What is the difference between the American’s With Disabilities Act (ADA) of 1990 and the ADA Amendments Act of 2008 when it comes to privately-owned buildings and access to public accommodations for people with disabilities?
The ADA of 1990 wasn’t clear and specific when it comes to the legal explanation of public accommodations and services as provided by private business. With the ADA Amendments Act of 2008, we get an expanded definition that includes a better definition of “public accommodation”. (See below from 42 U.S. Code § 12181 – Definitions.) We at ACCESS will always start our research looking and reviewing the definition regarding public accommodation:
SUBCHAPTER III – PUBLIC ACCOMMODATIONS AND SERVICES OPERATED BY PRIVATE ENTITIES
Sec. 12181. Definitions
As used in this subchapter:
(7) Public accommodation
The following private entities are considered public accommodations for purposes of this subchapter, if the operations of such entities affect commerce
(A) an inn, hotel, motel, or other place of lodging, except for an establishment located within a building that contains not more than five rooms for rent or hire and that is actually occupied by the proprietor of such establishment as the residence of such proprietor;
(B) a restaurant, bar, or other establishment serving food or drink;
(C) a motion picture house, theater, concert hall, stadium, or other place of exhibition entertainment;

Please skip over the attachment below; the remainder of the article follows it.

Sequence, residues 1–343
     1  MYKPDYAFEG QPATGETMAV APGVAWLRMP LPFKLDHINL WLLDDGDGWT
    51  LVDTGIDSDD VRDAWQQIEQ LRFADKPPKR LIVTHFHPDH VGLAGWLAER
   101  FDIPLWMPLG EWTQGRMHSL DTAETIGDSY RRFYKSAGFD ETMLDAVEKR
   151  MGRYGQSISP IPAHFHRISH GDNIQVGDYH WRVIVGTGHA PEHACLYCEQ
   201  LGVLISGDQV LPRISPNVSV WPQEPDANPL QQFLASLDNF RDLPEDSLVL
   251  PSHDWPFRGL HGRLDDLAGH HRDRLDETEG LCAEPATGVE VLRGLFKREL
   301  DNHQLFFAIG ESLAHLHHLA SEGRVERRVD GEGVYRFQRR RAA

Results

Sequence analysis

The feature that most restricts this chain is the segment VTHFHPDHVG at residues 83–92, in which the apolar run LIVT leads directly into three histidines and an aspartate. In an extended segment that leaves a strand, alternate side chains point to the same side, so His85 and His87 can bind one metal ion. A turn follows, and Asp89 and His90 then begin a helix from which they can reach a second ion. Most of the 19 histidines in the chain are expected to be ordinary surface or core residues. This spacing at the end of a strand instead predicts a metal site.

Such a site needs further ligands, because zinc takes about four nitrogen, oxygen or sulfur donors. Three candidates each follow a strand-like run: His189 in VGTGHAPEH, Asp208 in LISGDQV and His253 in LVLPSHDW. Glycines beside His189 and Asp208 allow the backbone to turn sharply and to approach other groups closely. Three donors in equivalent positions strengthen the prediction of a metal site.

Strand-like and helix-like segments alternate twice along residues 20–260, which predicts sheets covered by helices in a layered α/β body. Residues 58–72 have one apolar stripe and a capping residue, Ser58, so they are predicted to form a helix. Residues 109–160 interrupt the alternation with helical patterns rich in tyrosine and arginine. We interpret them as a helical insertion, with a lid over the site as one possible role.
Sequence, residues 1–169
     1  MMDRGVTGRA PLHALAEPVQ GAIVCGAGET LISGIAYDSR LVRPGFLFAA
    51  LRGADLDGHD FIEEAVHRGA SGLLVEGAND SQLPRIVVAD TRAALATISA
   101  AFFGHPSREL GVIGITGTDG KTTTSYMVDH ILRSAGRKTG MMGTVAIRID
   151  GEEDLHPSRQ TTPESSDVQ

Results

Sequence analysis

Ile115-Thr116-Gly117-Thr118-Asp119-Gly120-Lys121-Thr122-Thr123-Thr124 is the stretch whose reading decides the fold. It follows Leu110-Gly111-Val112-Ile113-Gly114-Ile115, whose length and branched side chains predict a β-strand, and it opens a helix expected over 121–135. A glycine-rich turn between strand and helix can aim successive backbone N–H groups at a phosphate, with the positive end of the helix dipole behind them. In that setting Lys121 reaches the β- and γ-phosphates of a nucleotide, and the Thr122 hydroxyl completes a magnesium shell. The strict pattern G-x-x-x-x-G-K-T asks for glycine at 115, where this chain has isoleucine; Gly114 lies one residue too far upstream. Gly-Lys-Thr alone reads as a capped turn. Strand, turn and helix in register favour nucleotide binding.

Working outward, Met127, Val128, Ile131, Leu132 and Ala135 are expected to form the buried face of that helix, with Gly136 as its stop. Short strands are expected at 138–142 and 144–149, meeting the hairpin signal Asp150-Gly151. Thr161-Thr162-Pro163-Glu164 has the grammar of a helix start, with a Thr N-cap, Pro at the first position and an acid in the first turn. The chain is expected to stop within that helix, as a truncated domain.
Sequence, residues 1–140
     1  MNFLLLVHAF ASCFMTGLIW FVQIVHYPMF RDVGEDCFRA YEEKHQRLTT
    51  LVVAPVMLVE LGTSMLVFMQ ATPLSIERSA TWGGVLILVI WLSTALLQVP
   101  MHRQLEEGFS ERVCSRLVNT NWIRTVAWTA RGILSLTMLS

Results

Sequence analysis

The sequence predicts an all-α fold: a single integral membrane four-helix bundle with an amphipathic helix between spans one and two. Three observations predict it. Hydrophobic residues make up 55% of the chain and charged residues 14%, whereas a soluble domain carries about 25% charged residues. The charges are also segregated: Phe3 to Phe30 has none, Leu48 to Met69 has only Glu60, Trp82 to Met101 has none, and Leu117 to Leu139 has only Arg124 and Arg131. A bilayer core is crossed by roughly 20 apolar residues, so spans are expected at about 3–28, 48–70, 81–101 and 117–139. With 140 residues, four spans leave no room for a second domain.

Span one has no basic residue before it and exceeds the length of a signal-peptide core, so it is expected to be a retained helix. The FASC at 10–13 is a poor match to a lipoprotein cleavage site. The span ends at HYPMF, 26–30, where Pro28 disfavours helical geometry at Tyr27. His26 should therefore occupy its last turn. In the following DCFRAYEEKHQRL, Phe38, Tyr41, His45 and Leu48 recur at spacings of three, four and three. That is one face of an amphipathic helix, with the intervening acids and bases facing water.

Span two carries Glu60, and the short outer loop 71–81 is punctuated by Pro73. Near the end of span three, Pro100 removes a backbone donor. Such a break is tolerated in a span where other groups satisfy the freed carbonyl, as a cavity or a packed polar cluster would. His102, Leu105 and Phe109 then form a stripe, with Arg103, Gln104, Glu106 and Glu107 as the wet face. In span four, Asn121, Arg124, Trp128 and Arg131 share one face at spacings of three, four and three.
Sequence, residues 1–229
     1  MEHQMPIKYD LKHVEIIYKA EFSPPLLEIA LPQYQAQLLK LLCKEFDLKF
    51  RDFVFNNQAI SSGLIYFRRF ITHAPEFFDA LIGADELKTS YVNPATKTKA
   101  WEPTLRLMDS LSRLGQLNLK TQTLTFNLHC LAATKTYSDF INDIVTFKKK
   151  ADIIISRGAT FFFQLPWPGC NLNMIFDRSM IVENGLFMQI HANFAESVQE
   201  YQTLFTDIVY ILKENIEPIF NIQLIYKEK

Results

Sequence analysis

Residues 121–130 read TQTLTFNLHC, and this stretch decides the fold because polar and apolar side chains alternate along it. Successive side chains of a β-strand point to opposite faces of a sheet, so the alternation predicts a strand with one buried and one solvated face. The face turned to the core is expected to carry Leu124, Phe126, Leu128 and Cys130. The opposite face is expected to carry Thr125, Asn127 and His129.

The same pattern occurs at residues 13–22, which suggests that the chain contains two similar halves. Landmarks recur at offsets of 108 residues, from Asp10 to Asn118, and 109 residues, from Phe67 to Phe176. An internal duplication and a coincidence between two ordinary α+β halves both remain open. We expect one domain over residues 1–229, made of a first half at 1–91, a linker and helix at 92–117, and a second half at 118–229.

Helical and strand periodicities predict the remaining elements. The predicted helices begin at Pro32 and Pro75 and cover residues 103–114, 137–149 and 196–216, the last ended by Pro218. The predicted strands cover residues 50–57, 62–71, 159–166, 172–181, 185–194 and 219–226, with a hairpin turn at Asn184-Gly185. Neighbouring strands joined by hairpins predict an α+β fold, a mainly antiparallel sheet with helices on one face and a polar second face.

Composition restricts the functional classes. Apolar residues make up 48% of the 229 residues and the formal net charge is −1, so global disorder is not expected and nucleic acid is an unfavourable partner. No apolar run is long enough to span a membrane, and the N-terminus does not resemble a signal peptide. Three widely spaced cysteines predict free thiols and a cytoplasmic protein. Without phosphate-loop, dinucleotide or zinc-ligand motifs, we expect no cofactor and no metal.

(D) an auditorium, convention center, lecture hall, or other place of public gathering;
(E) a bakery, grocery store, clothing store, hardware store, shopping center, or other sales or rental establishment;
(F) a Laundromat, dry-cleaner, bank, barber shop, beauty shop, travel service, shoe repair service, funeral parlor, gas station, office of an accountant or lawyer, pharmacy, insurance office, professional office of a health care provider, hospital, or other service establishment;
(G) a terminal, depot, or other station used for specified public transportation;
(H) a museum, library, gallery, or other place of public display or collection;
(I) a park, zoo, amusement park, or other place of recreation;
(J) a nursery, elementary, secondary, undergraduate, or postgraduate private school, or other place of education;
(K) a day care center, senior citizen center, homeless shelter, food bank, adoption agency, or other social service center establishment; and
(L) a gymnasium, health spa, bowling alley, golf course, or other place of exercise or recreation.
After reviewing the law, it should come as no surprise the types of buildings we’re looking for in our quest to expand accessibility and ADA compliance.
Access Advocates uses our ADA architectural skills honed over the last 20 years to help you get buildings ADA compliant, one building at a time. Our services are free to people with disabilities. We want to help you make a difference and get buildings ADA compliant.
Interested in learning more? Stay tuned as we continue our summer series with new posts detailing the main differences between the ADA of 1990 and the ADA Amendments Act of 2008. We’ll be sharing this information over the course of the summer, so check back often!